ZTE Axon M

ZTE Axon M

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Phones have become taller and thinner over the last few years, but their overall designs have remained fundamentally the same. The ZTE Axon M for AT&T shakes things up by adding a second display. It’s not an E Ink panel like on the Yotaphone, nor a strip on top like the LG V20. No, this is a full-on extra panel that folds out, turning the Axon M into a small tablet, and opening many new possibilities for multitasking and entertainment in the process. We got to spend some time with the phone ahead of its release and have some first impressions.

Are Two Screens Better Than One?

We’ve seen the dual-screen approach before, in the form of the Kyocera Echo back in 2011. ZTE has refined the concept here, but it’s not entirely dissimilar. When folded closed, the Axon M is a thick half-inch slab with a band of metal running along the sides and matching screens on the front and back. Both panels are 5.2-inch, 1080p TFT LCDs with 426 pixels per inch, similar to what you find on the Moto G5 Plus. They’re sharp for the size and have good viewing angles.


When folded shut, the phone measures 5.9 by 2.8 by 0.5 inches (HWD). It weighs 8.1 ounces, making it significantly heftier than phones like the Samsung Galaxy S8 (5.9 by 2.7 by 0.3 inches, 5.5 ounces), and the hinge on the right can feel a little uncomfortable in your grip. That said, it’s easy to hold in one hand and reach across the screen with your thumb.

The hinge on the right side means most of the buttons are on the left. There you’ll find a volume rocker, a large power button that doubles as a fingerprint sensor, and a camera shutter. The top has a 3.5mm headphone jack that supports high-fidelity audio with Dolby Atmos software. The bottom has a pair of speakers with a USB-C port sandwiched between. The hinge itself feels sturdy, like it should be able to withstand a good deal of wear and tear.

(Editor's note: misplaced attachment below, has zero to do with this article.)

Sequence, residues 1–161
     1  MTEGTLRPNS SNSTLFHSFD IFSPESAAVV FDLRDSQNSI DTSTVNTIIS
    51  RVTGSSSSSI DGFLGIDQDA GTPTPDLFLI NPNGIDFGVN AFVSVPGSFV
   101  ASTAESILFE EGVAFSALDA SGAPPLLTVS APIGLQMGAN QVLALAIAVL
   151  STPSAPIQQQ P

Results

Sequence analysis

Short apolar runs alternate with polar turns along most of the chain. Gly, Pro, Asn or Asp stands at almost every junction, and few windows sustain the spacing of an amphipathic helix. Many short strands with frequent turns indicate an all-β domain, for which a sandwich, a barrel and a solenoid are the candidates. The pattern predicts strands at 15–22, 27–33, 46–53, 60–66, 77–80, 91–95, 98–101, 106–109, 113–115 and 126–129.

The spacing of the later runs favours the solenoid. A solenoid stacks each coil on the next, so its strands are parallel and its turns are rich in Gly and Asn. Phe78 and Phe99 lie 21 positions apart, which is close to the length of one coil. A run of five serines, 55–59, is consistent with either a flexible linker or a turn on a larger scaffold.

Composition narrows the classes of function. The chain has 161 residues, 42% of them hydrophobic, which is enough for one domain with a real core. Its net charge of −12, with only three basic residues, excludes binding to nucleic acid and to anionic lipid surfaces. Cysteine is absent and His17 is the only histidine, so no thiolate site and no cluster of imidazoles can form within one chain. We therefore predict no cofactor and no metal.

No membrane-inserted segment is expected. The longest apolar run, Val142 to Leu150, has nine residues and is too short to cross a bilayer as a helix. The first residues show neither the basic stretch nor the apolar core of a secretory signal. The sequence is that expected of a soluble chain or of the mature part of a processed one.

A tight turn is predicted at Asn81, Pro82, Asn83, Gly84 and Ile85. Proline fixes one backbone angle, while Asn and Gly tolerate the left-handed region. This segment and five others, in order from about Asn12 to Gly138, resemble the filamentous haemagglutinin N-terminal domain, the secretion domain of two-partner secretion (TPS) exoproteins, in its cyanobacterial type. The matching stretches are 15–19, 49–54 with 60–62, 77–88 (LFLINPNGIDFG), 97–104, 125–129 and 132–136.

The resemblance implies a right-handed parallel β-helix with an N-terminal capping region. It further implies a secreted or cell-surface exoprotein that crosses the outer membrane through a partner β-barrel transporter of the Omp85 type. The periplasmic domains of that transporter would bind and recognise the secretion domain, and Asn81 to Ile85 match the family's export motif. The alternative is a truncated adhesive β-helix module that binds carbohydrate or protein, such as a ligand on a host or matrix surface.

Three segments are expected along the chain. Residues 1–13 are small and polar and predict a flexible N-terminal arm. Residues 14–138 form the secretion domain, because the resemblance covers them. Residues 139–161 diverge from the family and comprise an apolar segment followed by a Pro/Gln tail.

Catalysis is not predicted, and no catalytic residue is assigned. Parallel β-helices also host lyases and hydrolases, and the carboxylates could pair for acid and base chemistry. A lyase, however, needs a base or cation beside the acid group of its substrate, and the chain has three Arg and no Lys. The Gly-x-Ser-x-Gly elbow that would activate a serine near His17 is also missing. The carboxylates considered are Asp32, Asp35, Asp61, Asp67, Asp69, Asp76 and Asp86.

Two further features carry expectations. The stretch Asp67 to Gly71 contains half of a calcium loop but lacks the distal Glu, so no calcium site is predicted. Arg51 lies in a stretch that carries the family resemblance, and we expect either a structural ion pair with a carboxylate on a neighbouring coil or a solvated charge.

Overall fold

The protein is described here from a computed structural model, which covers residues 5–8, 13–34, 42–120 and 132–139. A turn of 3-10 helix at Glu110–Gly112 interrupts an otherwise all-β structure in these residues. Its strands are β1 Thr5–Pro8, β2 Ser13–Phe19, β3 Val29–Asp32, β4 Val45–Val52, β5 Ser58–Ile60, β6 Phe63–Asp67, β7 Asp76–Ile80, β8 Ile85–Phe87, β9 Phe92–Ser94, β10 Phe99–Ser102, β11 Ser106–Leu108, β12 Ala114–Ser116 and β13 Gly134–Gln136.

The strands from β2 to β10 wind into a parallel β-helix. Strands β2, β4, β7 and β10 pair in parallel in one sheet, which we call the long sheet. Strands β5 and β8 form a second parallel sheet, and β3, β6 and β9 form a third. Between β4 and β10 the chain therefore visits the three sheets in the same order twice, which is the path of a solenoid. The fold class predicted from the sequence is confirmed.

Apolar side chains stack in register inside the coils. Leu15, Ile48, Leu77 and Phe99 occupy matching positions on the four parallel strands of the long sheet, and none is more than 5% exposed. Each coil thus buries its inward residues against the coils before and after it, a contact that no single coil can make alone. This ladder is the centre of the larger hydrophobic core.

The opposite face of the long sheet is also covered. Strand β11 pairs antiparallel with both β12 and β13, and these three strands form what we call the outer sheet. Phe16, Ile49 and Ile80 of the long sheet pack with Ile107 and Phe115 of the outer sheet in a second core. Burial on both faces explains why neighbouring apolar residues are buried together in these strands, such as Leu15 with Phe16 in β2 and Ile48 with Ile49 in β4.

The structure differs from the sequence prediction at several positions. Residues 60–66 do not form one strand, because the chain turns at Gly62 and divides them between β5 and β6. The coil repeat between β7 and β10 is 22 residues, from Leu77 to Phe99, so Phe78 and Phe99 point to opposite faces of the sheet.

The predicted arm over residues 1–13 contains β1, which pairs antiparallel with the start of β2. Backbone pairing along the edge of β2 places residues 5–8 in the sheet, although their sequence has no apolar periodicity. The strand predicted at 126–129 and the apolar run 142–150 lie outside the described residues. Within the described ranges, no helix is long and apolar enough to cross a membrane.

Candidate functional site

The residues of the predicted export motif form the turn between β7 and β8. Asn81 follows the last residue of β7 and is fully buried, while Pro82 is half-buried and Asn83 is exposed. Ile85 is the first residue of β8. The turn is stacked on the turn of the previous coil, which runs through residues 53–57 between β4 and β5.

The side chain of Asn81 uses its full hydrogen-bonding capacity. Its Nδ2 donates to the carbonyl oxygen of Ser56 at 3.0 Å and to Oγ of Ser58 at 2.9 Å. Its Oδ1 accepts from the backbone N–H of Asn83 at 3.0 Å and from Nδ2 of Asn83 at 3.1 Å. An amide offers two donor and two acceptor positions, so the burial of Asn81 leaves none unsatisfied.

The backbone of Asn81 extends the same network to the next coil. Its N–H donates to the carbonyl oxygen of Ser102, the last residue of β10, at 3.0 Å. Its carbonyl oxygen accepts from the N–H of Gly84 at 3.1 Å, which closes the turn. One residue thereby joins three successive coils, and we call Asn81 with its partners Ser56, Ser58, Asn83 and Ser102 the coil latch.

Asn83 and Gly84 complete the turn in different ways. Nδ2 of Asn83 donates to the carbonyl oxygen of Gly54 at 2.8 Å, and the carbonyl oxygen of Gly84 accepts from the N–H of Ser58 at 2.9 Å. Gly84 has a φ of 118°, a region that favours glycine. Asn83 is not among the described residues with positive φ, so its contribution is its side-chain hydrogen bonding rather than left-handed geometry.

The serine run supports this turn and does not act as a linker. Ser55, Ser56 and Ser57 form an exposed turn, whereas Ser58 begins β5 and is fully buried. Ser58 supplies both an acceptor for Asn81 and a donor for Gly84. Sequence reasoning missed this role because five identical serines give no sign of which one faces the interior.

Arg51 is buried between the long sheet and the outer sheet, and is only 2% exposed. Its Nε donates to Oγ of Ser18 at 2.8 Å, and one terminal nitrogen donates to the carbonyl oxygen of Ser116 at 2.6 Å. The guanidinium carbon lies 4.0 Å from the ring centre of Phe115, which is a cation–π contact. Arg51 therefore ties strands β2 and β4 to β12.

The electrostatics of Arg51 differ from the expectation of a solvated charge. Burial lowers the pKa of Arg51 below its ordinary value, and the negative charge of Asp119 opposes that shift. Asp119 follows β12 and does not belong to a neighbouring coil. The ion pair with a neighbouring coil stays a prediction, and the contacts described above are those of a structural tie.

The primary screen is the one where the earpiece and camera are located. The one on the back remains off (and just looks like a plain glass back) until you unfold the hinge and it automatically turns on. In this mode, the phone becomes closer in size to a small tablet like the Amazon Fire 7. A seam runs down the middle where the two screens meet, which can be a little distracting.


When open, the phone automatically extends your primary display onto the second screen. You can also move apps from one side of the screen to the other, run two different apps side by side (like a video and Twitter, for instance), or mirror the screen so both sides show the same thing. All of these modes worked well, with no noticeable stutter or lagging on the pre-production unit we saw, except for a game of 3D chess that locked up.

Android 7.1.2 Nougat supports multiple displays, and currently there are about 100 apps optimized for support across both displays, with more on the way. As mentioned above, the seam between the screens becomes a bit irritating when watching video and browsing the web, though I imagine you can probably get used to it in time.

Behind the Screens

The phone is powered by a Qualcomm Snapdragon 821 processor clocked at 2.15GHz. It’s not quite on par with the Snapdragon 835 you’ll find in the Note 8 and most other high-end phones, but it’s still powerful enough to ensure smooth performance. There’s also 4GB of RAM and 64GB of internal storage, with a microSD slot capable of accepting cards up to 256GB.

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It’s worth noting there’s only a single 20-megapixel camera sensor on what’s essentially the front of the phone. That means to take a standard picture (not a selfie) you have to flip the phone around, at which point the viewfinder immediately appears on the rear display. The camera is pretty standard in other regards. It took clear photos in a brightly lit setting and pretty nice selfies due to the high megapixel count, but we’ll have to see how it fares in low light.

A 3,180mAh battery is under the hood, which should be fine for one screen, but I’m not so sure about two. The iPad Mini 4 has a 5,124mAh battery, for instance, and lasted 5 hours and 15 minutes in our battery test. Fortunately, the phone supports Qualcomm Quick Charge 3.0, so you can charge to full in a little over two hours.


Who Is This Phone For?

The thing to understand about the Axon M is that it isn’t intended to be a flagship phone or a successor to the Axon 7. ZTE says it envisions the phone becoming popular among business users who want to multitask by running two separate apps side by side on full-size screens, allowing them to do things like take notes while a video plays. It’s exclusive to AT&T, which limits the phone’s reach, and whether the average buyer finds it attractive will likely depend on which apps take advantage of the dual-screen design. Pricing and a release date haven’t been announced yet, but we’ll be testing the phone for a full review as soon as we get a chance, so check back soon.

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